MANTULA Part Nine: For Mature Readers

Doug, AKA Mantula, likes what he sees in Cottonwood, Ariz.

It had been a long time since I’d seen a beautiful woman take her clothes off. It had been so long that I had a difficult time remembering when exactly, but I remembered the feeling immediately, that sexual mix of shock of awe. Shame played a small part as well. Usually when a woman took her clothes off in front of someone, she knew that other party was in the room. She’d put on a show for that someone they would always remember or simply, unceremoniously drop her garments to the floor and leap into bed to sleep. In either case, she knew eyes were on her. In this case, the beautiful woman in question had no idea we were, ManQuail and myself, hiding in the shadows of her closet.

And I felt compelled to watch, at least for a moment.

The woman let her skirt fall to her feet and daintily stepped out of it. I could see a flash of white panties as she unbuttoned her white blouse. She fiddled with it quickly, still humming some unintelligible tune to herself, and let it slide from her arms to the floor, revealing a white lace bra and curving soft flesh underneath. She kicked her heels off next, then reached behind her to unfasten the bra. Letting that fall from her, she bent over and slid the panties to her ankles. Her black hair hung over her shoulders, hiding her face, as she pulled the skimpy garment over her feet. Stepping away from them, now completely nude, the woman sat on the edge of her bed. I could barely keep my eyes from her milky flesh and supple curves. Were I still in the body of a man, I wouldn’t have been able to stop myself from joining her there.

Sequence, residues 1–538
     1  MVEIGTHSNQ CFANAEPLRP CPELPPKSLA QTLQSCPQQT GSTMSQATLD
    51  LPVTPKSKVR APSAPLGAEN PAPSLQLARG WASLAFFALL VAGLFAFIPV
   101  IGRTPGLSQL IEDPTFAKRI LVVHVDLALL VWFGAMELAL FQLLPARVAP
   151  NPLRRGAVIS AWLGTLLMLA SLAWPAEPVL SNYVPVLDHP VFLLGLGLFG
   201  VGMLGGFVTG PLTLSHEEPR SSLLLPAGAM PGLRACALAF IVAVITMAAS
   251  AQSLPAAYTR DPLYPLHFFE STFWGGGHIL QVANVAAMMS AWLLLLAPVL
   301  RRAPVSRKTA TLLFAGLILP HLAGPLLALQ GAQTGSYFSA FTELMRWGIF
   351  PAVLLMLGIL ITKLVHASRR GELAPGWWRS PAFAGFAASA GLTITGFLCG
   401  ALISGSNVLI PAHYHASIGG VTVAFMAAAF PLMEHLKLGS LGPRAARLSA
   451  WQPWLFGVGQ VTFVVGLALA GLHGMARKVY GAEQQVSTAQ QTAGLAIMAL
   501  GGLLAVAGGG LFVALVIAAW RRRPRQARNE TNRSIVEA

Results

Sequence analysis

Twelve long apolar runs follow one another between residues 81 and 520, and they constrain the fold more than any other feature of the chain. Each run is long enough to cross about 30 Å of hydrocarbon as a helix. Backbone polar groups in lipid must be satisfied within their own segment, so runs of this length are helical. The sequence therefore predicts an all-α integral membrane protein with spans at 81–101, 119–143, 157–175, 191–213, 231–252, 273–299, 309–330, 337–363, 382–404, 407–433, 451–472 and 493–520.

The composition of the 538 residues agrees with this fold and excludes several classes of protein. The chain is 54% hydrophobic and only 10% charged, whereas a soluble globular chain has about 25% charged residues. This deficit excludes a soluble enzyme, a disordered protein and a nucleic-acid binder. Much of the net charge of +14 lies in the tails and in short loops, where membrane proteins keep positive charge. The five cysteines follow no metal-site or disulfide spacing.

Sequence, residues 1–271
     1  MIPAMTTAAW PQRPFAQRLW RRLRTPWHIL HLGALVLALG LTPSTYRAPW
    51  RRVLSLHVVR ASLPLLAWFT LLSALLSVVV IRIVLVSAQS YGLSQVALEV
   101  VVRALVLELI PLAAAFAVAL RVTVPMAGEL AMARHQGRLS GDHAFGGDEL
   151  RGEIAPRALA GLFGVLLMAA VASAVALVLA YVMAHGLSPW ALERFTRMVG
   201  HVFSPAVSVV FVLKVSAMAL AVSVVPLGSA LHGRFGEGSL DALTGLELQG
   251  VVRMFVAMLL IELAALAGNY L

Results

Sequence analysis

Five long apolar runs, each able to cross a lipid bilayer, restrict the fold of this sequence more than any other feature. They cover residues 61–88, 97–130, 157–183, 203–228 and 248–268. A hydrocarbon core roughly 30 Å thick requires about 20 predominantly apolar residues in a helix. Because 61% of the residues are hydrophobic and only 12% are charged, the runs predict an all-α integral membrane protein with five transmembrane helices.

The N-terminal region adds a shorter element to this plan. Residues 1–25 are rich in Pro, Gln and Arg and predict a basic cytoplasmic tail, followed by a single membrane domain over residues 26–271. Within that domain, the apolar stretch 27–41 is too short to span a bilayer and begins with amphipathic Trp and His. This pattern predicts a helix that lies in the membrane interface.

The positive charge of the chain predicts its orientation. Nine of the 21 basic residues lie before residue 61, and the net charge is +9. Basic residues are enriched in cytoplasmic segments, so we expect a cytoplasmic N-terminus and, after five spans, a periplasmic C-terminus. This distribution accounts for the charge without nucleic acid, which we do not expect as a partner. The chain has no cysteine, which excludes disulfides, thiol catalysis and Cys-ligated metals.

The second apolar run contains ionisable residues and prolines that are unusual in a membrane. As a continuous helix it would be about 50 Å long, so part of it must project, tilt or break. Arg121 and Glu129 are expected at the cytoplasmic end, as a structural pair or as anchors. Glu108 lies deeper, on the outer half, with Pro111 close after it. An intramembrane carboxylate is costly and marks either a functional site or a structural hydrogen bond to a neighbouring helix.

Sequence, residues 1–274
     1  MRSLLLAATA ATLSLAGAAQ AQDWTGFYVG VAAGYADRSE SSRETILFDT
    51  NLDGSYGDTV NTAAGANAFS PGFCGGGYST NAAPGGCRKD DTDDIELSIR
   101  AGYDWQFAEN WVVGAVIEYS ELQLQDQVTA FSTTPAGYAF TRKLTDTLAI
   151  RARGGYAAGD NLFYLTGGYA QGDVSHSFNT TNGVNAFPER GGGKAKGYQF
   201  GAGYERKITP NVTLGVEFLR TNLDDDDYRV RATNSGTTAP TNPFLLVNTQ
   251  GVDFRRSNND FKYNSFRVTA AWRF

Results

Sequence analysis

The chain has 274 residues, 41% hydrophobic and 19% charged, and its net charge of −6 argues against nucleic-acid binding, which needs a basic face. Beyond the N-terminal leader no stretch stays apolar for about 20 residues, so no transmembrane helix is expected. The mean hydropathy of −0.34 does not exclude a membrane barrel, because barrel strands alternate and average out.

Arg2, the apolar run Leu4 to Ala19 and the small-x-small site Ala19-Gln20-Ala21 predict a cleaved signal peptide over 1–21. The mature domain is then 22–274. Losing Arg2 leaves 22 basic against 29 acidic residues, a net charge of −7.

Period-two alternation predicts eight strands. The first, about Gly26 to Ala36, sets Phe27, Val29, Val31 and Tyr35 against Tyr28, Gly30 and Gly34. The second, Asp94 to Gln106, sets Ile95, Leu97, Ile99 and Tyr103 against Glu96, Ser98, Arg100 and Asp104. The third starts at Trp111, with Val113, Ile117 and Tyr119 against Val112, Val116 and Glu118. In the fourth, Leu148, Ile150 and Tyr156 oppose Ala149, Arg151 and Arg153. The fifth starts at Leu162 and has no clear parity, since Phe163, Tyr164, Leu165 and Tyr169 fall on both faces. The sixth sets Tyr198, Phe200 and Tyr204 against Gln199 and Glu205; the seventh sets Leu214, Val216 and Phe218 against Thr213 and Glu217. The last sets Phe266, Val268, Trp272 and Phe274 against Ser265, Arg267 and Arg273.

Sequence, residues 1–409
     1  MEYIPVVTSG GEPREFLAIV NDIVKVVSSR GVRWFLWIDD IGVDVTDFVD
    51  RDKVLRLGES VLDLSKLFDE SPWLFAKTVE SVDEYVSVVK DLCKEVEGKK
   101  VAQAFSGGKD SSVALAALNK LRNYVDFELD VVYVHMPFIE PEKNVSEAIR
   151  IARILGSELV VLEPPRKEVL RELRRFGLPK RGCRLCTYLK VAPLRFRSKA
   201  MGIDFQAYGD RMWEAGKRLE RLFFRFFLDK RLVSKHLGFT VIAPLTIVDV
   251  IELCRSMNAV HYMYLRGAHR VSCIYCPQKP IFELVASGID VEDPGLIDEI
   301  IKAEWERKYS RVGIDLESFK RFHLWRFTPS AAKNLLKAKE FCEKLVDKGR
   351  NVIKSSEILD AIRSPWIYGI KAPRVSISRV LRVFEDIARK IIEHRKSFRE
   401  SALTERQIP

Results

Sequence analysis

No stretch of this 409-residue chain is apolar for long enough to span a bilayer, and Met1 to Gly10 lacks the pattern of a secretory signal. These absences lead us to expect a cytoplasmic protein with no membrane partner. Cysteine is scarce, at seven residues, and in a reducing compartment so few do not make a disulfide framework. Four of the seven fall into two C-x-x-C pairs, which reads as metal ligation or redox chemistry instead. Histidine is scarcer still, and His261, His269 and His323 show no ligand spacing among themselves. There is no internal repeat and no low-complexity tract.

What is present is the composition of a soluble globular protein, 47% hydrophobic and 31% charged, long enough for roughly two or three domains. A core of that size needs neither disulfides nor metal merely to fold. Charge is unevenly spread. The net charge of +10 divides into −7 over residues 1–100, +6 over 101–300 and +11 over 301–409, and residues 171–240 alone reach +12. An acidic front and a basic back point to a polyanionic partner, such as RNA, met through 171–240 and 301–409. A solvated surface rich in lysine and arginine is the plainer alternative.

The blood raced through my hairy, eight-legged body. I figured ManQuail was equally excited by the show. But the shame wore on me then, and I turned away, staring into the darkness of the closet, as the nude woman reclined atop her bed. But I hadn’t tuned out long when Glenn sucked in a mental rush of breath.

He exclaimed loudly in my head. “Holy cow. Look what she has!” 

The woman pulled a cylindrical device from under the pillow next to her. The thing looked purple from where we were hiding and was shaped similar to a plump banana. The gadget quickly disappeared under the blanket. I could hear a low humming sound seconds later. The woman began to moan, slowly at first, but the moans grew louder and far more passionate. My cheeks would have turned red had I still had them. I turned away from the private spectacle, wondering what my son would think were he watching the scene.

“We need to get out of here, Glenn,” I reminded my companion. “If you could peel yourself away, now would be the best time to sneak out of here–while she’s preoccupied.”

He flapped a wing at me irritably. “One more second.”

Rather than answer, I sprang onto his back, clutching my hundred dollar bill at the same time, which wasn’t very easy. “No, now. Maybe we can find an open window or something. Let’s give this strange woman some privacy.”